In that same vein, I encourage Stillwater athletes to follow the “80/20 rule.” They should strive to eat healthy, nutrient-packed foods from the major food groups 80 percent of the time and limit sweets and treats to 20 percent of their food consumed.
The 80/20 rule also applies to when athletes are eating on the run, which is often the most difficult time for teens to eat healthy. I encourage Stillwater athletes to avoid fried foods or high-fat fast foods and instead choose sandwiches with grilled or lean meats and vegetables on whole grain buns, light pasta dishes with added vegetables, baked potatoes, fruit, milk, and water. In addition, I suggest they avoid soft drinks and sweetened beverages, such as lemonade, sweet teas, and sports drinks. Again, sports drinks should only be consumed during athletic events, not during meals or snacks.
FEEDBACK AND RESULTS
Now several years into the PowerUp program, we’ve had a great deal of success. For the most part, the student-athletes, parents, and coaches have all responded in a positive manner.
Sport coaches have probably been most receptive, since they were eager to bring in an expert to present nutrition information to their teams. Many coaches have changed what beverages are offered at team dinners to reflect the information provided in the PowerUp Sports Nutrition Playbook — switching from soda and sports drink to milk and water.
We’ve found the best way to get new athletes on board is to make sure they hear about PowerUp from their peers. The strongest influence is when a teammate gives a testimonial about how eating a healthier and more balanced diet helped them in their own lives.
For instance, during a recent presentation to the high school and junior high football teams, two senior players described how following the PowerUp Sports Nutrition Playbook’s guidelines changed their eating habits and had a positive impact on their performance. One explained how he used to consume expensive protein drinks but realized he could get the same amount of protein from food instead. He started eating cottage cheese and drinking more milk to meet his protein needs and said he actually felt better and had more energy following this strategy.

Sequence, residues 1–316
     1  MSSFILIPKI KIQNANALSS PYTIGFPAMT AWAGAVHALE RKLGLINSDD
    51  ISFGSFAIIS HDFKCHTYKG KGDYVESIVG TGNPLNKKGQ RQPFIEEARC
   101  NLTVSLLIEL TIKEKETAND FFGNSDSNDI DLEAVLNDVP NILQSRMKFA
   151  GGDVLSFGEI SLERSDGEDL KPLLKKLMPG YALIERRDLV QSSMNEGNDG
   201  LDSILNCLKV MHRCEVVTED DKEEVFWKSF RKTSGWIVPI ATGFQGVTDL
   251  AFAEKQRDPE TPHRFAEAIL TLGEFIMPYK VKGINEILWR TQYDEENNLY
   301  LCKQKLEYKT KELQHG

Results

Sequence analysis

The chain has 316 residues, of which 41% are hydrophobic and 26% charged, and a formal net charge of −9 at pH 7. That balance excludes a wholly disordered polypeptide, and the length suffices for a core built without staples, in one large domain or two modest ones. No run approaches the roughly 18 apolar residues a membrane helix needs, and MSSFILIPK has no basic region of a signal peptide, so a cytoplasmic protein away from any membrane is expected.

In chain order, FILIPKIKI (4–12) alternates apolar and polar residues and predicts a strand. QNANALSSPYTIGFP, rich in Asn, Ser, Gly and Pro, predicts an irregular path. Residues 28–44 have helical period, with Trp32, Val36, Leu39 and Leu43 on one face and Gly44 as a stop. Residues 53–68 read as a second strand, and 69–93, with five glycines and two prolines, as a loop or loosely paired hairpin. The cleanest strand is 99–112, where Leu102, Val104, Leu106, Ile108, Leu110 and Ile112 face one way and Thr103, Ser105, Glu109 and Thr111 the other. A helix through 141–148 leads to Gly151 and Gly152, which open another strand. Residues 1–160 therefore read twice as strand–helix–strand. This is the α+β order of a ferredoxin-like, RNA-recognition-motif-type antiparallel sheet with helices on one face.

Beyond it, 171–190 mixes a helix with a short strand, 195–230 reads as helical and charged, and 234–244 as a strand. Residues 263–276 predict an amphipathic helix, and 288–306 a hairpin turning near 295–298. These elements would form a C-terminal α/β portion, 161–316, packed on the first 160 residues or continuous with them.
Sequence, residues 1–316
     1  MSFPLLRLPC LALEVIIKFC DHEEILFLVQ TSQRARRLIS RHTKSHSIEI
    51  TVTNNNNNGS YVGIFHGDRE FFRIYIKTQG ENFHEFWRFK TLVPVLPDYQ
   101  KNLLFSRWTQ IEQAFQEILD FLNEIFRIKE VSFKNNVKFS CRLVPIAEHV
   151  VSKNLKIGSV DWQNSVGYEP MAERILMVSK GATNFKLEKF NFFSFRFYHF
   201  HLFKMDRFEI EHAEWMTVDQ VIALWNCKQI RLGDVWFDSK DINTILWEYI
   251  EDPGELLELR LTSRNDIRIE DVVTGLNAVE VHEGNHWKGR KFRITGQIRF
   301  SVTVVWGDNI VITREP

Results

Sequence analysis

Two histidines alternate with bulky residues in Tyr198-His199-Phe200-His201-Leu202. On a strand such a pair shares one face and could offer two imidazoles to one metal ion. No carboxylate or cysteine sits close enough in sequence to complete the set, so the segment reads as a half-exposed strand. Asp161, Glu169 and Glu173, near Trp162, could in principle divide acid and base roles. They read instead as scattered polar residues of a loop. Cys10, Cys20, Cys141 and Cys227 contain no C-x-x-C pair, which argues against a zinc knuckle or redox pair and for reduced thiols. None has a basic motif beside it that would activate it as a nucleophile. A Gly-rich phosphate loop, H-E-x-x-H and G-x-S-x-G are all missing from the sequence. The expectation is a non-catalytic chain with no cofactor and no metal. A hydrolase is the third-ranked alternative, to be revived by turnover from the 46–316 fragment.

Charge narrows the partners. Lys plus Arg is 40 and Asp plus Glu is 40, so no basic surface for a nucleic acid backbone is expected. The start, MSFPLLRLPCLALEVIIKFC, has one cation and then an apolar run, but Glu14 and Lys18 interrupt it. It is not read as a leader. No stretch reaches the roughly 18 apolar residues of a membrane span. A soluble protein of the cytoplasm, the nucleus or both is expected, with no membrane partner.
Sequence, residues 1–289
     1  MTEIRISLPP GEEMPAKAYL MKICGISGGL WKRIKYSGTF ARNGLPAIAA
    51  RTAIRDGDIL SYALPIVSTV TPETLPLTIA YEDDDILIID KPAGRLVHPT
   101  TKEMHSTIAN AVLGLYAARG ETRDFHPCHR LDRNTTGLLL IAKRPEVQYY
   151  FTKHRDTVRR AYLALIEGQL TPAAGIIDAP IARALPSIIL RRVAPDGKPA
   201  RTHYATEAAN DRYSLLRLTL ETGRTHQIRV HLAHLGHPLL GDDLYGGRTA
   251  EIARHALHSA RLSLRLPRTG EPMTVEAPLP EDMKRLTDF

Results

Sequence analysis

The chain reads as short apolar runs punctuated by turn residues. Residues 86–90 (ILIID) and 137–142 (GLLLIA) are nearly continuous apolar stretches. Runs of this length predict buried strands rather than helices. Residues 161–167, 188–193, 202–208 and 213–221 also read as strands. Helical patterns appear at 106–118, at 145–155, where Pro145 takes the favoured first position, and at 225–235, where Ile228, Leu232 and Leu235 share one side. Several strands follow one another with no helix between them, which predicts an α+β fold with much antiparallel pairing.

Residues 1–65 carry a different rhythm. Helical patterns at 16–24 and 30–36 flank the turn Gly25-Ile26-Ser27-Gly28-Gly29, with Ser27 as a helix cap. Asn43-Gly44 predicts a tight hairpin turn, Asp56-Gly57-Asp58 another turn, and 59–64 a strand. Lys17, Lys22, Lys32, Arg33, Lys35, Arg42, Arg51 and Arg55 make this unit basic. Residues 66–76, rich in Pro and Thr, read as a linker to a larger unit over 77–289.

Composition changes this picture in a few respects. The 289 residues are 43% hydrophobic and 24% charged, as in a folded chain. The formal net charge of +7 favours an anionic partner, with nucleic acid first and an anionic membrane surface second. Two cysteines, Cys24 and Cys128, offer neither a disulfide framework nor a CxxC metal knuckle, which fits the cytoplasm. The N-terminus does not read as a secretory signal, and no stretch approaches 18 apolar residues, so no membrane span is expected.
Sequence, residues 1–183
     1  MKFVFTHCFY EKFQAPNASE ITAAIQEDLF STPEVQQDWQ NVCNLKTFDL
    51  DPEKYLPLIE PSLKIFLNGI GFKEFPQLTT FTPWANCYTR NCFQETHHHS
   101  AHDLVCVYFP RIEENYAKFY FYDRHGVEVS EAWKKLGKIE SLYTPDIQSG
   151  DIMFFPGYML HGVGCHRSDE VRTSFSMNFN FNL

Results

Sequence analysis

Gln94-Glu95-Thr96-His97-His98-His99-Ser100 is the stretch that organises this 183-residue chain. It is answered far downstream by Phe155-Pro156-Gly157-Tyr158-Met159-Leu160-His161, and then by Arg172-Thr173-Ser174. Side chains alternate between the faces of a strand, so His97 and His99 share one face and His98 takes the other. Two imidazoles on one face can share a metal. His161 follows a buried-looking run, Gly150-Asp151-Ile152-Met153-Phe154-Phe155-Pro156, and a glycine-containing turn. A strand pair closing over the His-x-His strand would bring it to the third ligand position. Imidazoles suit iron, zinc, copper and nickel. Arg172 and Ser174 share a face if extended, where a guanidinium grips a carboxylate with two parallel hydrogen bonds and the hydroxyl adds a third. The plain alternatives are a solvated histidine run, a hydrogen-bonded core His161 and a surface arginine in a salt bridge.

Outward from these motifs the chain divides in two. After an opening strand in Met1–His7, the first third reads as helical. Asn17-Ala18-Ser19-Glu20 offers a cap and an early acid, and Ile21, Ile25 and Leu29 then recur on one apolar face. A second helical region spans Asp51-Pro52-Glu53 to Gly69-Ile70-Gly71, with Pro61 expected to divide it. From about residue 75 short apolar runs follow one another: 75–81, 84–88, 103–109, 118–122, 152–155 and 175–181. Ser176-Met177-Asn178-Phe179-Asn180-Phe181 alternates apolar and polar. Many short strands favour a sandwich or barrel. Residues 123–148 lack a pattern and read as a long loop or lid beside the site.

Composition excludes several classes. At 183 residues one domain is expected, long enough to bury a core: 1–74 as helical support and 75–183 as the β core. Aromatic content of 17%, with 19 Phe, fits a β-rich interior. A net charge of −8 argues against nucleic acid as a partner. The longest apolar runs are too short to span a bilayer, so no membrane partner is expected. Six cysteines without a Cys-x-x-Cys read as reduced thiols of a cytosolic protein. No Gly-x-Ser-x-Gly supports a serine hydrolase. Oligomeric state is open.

The partnership between PowerUp and Stillwater continues to grow, and I look forward to helping many more student-athletes in the future. It takes a team to drive home the importance of healthy eating and the positive impact it will have on the student-athlete. With the Stillwater coaches, parents, and athletes on board, PowerUp can ensure that good nutrition for student-athletes is no longer on the sidelines.
For more information on PowerUp or the PowerUp Sports Nutrition Playbook, please visit: powerup4kids.org.
To view references for this article, go to: Training-Conditioning.com/References.
This article first appeared in the November 2016 issue of Training & Conditioning.
My work with Stillwater (Minn.) High School has expanded beyond bringing nutrition and hydration information to its student-athletes. Concessions offered at athletic events are also changing.
I am involved in a Student Health Advisory Committee within the Stillwater School District, which puts together the district’s Wellness Policy. Part of the policy is encouraging healthier food selections at the concession stands. Fortunately, this is something we believe the community supports — a survey of Stillwater student-athletes found 77 percent were in favor of more nutritious options at the school’s concessions.
To make changes, the Student Health Advisory Committee worked with Stillwater Athletic Director Ricky Michel. Last year, we conducted a pilot program to add healthier food items to concession stand menus, such as string cheese, fruit and yogurt parfaits, veggie cups with peanut butter or low-calorie dip, and milk. In addition, we reduced the amount of candy, soft drinks, and sports drinks offered.
The pilot was a success. Concession profits were not compromised, and feedback on the healthier selections was positive from athletes, coaches, and parents. Based on these results, Michel and the school district’s food service staff will be working together to discuss the logistics of continuing with these nutritious food items. It’s a work-in-progress for the 2016-17 school year, but it’s very exciting for the school district and continues to support the message that health and wellness is at the forefront for students.